I found an editorial in BJA that describes an issue with succinylcholine I wasn’t really aware of. Butyrylcholinesterase (BCheE) hyperactivity. BCheE is the non-specific cholinesterase that rapidly hydrolyses succinylcholine in the blood so that only 10% of the injected drug eventually reaches the neuromuscular endplate.
If BCheE activity is increased then the amount of sux reaching the endplate is further diminished so that neur0muscular block lasts shorter than expected. Apparently, increased BCheE-activity is commonly seen in patients with asthma, alcoholism diabetes, hypertension and some other diseases. Most patients will recover from sux-block in 4-8 minutes. These patients may recover as early as 2 minutes after injection.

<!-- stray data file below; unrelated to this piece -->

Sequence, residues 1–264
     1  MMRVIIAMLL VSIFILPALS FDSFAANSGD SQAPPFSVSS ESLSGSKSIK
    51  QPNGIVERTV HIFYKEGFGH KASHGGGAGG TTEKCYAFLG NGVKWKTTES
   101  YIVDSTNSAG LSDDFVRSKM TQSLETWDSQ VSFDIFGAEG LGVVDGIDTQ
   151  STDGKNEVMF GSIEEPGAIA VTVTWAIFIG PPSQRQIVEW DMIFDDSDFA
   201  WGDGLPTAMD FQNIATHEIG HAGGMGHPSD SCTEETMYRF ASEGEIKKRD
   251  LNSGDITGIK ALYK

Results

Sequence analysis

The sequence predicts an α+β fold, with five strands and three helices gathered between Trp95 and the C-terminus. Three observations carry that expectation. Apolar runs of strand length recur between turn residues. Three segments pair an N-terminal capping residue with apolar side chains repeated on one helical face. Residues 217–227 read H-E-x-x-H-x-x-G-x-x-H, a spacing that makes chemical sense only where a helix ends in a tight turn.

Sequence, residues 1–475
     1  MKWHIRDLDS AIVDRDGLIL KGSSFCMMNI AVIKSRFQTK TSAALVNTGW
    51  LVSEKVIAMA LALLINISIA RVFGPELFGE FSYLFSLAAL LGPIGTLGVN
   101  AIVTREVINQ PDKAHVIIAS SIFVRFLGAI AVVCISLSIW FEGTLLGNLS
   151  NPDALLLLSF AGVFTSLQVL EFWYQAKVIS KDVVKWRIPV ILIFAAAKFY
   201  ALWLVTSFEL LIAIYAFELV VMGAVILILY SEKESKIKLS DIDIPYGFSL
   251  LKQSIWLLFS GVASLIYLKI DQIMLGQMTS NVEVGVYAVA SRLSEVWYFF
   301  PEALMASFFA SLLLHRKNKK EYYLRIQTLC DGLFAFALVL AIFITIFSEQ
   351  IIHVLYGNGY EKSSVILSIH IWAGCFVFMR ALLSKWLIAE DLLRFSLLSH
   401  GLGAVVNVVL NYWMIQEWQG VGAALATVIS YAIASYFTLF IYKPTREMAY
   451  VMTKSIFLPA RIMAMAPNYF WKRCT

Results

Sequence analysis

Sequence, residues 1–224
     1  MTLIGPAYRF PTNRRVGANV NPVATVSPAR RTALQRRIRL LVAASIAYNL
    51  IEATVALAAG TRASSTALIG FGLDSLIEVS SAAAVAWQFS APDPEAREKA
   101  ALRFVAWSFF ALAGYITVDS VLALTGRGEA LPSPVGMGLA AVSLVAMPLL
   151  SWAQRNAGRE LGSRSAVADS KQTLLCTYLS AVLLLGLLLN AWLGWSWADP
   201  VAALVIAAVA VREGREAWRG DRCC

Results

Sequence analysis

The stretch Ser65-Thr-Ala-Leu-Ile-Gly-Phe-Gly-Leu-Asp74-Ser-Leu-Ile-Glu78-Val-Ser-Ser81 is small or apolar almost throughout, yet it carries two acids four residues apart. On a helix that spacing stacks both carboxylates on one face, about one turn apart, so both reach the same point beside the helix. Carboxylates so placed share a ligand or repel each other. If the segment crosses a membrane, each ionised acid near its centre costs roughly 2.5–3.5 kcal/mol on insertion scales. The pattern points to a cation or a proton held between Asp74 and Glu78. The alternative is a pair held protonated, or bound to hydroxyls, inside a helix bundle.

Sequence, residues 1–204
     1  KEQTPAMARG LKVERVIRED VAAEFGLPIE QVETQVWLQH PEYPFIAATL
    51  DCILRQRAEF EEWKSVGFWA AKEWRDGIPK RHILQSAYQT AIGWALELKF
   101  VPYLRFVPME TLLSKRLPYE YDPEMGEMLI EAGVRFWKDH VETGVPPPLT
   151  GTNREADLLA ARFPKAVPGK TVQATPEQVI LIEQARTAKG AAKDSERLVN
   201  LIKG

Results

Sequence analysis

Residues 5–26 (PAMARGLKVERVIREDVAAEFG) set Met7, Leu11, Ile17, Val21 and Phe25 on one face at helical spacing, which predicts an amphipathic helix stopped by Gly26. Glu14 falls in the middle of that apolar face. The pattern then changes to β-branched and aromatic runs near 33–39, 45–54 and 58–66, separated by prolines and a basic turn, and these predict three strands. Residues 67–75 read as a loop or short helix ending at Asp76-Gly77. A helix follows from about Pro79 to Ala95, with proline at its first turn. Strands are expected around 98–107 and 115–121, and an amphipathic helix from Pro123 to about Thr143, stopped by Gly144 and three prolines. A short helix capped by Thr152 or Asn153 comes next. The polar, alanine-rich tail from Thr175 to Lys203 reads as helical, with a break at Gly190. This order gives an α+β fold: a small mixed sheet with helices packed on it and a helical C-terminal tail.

Then there is the rare gene variants. I was aware about BCheE-variants that cause prolonged neuromuscular block. Apparently there are also BCheE-gene variants that cause increased BCheE-activity. Clinically it will present as resistance to sux or, in worst case scenarios, sux won’t work at all.
While the gene variants that cause very high BCheE are extremely rare the authors note that 10% of all caucasians carry a gene that causes a 30% increase in BCheE -activity.
Find the BJA editorial here. It’s a nice, short, read summarising the various ways succinylcholine can fail (myasthenia gravis, inadequate dosing, storage and impatient anaesthetists…) focusing on BCheE variants.